It’s a Puzzle

I was so surprised at being born
that I didn’t speak for a year and a half.
Gracie Allen

Surprise is at least as appealing an explanation as this likely more-likely one: That it just takes babies a year or more to separate the linguistic signal from the noise.

As I tackle a stalled 1,000-piece jigsaw puzzle on our Western road trip, I consider this signal/noise issue and other life learnings from 60+ years of puzzling.

First, Find a Friend

Puzzles are like beds: more than twice as easy to make with two people.

Then, Start With the Edges

I start big puzzles by separating the edge pieces from the mass (and mess) of interior pieces. (Doesn’t everyone?) In a relatively short time I can impose some structure on the scatter of shapes and colours, even though I can’t see the whole picture yet.

Accept That Some Edges Hide

No matter how carefully I sort through those pesky pieces, I never find all the edge pieces on the first pass. Nor the second. Nor the forty-second, sometimes. When I have most of them I just have to carry on, believing that I really do have all the pieces and that the missing edges will reveal themselves when the time is right.

Corollary: Check the floor every so often: Some pieces throw themselves off the table to hide.

Follow *Some* Process, Dagnab It

Long before I can assemble whole chunks I can see rough patterns in what might go together: distinctive lines and markings, unusual shapes, rare colours. Putting these to one side as I find them shortens my search and assembly time when I do see how and where to use that sort of piece.

Addendum: Don’t fall in love with the process or with the sort. Sometimes a piece obviously destined to be part of the Hopewell Rocks turns out to be a puffin’s belly. Just as a random example.

Accept the Happy Accidents

Puzzle cuts seem designed to send misleading signals: To get me looking for a distinctive colour or marking that doesn’t actually show on the piece that actually fits. But sometimes the universe puts a piece where I will trip over it, and sometimes I swear my subconscious guides my hand in picking up or placing a piece. I’ve long since given up wondering how *that* works. I’m just happy it does, when it does.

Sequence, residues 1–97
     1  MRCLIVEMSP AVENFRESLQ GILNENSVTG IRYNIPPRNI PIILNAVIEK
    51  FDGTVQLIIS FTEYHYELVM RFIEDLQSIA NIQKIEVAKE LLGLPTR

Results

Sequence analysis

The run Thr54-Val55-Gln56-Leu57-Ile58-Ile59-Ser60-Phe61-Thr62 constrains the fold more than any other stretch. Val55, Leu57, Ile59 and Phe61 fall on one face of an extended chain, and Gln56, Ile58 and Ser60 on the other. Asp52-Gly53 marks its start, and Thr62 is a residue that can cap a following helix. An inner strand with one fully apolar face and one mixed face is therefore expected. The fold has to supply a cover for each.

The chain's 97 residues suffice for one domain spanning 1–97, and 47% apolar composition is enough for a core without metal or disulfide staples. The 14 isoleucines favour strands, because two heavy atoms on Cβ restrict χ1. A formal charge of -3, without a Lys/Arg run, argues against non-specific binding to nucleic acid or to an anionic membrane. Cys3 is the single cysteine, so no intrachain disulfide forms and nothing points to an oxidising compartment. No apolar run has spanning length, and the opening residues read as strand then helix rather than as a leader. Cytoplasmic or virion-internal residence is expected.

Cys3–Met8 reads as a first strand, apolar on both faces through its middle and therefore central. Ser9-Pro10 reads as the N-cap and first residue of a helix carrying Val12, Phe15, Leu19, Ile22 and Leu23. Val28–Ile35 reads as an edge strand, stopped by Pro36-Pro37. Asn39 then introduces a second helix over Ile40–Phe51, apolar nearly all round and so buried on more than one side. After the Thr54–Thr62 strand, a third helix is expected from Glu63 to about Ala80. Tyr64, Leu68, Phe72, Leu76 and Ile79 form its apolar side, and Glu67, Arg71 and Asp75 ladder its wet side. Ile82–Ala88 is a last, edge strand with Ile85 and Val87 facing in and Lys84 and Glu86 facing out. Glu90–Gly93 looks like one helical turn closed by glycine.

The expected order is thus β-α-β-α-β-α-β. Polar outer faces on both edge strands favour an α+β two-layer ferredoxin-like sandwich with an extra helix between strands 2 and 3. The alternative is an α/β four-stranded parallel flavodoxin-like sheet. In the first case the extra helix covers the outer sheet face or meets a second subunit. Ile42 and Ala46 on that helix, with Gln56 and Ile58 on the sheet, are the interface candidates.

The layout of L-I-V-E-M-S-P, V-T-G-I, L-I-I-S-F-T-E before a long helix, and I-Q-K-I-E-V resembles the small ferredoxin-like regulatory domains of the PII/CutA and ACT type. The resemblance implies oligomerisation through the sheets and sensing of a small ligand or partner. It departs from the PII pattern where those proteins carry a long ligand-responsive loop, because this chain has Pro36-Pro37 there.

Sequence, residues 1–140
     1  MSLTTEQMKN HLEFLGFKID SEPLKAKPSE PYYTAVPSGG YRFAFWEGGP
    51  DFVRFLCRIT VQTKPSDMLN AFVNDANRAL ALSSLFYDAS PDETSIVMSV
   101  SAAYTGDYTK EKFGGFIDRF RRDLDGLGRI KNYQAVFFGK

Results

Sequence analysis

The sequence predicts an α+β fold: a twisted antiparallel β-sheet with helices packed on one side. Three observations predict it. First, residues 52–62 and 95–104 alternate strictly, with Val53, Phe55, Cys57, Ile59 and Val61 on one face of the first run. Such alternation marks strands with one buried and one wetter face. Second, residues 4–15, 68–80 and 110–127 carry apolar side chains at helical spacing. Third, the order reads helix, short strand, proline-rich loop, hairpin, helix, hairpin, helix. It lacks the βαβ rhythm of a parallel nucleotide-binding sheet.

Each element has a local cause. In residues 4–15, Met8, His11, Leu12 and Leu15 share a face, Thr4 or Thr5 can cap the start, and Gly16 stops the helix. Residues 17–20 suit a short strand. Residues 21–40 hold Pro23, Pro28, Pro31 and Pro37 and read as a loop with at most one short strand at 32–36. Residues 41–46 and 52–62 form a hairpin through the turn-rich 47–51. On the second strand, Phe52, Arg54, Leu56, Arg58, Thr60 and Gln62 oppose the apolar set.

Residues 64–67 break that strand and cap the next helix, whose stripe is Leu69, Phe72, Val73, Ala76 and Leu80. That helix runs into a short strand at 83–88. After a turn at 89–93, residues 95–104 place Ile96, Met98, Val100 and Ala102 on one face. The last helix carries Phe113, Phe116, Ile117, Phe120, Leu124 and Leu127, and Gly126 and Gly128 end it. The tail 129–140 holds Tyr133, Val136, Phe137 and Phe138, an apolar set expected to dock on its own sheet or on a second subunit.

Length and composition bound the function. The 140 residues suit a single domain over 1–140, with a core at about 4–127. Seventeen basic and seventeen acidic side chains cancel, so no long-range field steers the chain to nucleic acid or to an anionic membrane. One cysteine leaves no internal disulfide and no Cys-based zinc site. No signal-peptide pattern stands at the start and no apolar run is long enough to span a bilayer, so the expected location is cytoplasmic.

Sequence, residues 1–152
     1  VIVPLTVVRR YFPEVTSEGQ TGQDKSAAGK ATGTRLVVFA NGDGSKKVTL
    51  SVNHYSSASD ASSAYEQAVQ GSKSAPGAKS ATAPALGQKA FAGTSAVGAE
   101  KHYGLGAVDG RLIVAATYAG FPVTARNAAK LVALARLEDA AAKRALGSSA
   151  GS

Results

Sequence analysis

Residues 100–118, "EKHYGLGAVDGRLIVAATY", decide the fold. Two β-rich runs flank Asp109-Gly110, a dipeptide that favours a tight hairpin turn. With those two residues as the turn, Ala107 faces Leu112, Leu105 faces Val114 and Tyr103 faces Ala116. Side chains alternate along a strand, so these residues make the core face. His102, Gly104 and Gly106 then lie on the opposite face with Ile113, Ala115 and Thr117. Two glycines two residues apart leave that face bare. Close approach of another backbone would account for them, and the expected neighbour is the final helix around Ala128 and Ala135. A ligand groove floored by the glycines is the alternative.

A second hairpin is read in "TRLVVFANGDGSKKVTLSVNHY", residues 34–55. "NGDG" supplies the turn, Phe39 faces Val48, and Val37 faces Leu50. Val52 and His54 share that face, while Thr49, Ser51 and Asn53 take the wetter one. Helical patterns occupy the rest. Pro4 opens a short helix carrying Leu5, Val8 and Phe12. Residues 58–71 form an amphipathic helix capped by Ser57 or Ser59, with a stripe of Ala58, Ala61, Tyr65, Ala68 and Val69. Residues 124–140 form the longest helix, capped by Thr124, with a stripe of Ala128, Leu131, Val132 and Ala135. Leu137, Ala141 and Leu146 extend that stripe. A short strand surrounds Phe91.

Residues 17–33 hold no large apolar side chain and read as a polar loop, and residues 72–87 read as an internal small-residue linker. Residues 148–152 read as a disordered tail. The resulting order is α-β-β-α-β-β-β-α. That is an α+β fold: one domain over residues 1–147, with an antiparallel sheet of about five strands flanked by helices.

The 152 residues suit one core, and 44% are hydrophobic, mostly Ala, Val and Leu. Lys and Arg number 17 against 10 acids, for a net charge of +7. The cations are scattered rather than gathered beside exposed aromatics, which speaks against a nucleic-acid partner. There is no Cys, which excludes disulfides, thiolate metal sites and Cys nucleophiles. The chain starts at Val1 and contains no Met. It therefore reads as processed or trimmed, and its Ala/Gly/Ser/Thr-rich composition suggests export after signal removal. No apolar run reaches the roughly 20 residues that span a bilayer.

Believe the Tipping Point is Coming

At the start, it’s a slog for sure: Progress is painfully slow. But when more pieces are placed than remain to be placed, everything speeds up: Pieces seem to fall into place effortlessly. I guess it’s that the signal-to-noise ratio increases dramatically: Even as the coastline grows, the number of ships still looking for just the right berth drops.

But I bet Gracie would have had a more entertaining explanation.

Partly solved 1,000-piece puzzle



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11 Responses to It’s a Puzzle

  1. Barbara Carlson says:

    I had a dream once that Queen Eliz. did puzzles of famous paintings in the Royal Collection and then had them glued to boards to replace the originals. LOL

    • Isabel Gibson says:

      Barbara – Odd, I never think about the Queen doing jigsaw puzzles. I wonder who we can ask?

      • Barbara Carlson says:

        Her Majesty — you can write her a letter, but don’t be surprised if you get a a reply on a completely different topic, like, “Thank you for your kind wishes on the occasion of my birthday,” which is what I got —– from the Queen Mother (when she was alive) replying to MY letter to Queen E. asking what she carried in her handbag.

        It was a very polite letter & I included a list of things people here in my circle of friends and studio visitors thought she did, including the answer, “Anything she wants!”

    • Danielle Wawryk says:

      And now we can have our table back after way, way too long! Better yet, no more ridicule from friends who snickered at our lack of progress over multiple visits. Thanks for helping with our puzzle stress!

  2. Exactly!

    Except you forgot (or are not disturbed by) the distributor cutting off the edges or hiding the corners on the picture on the box.

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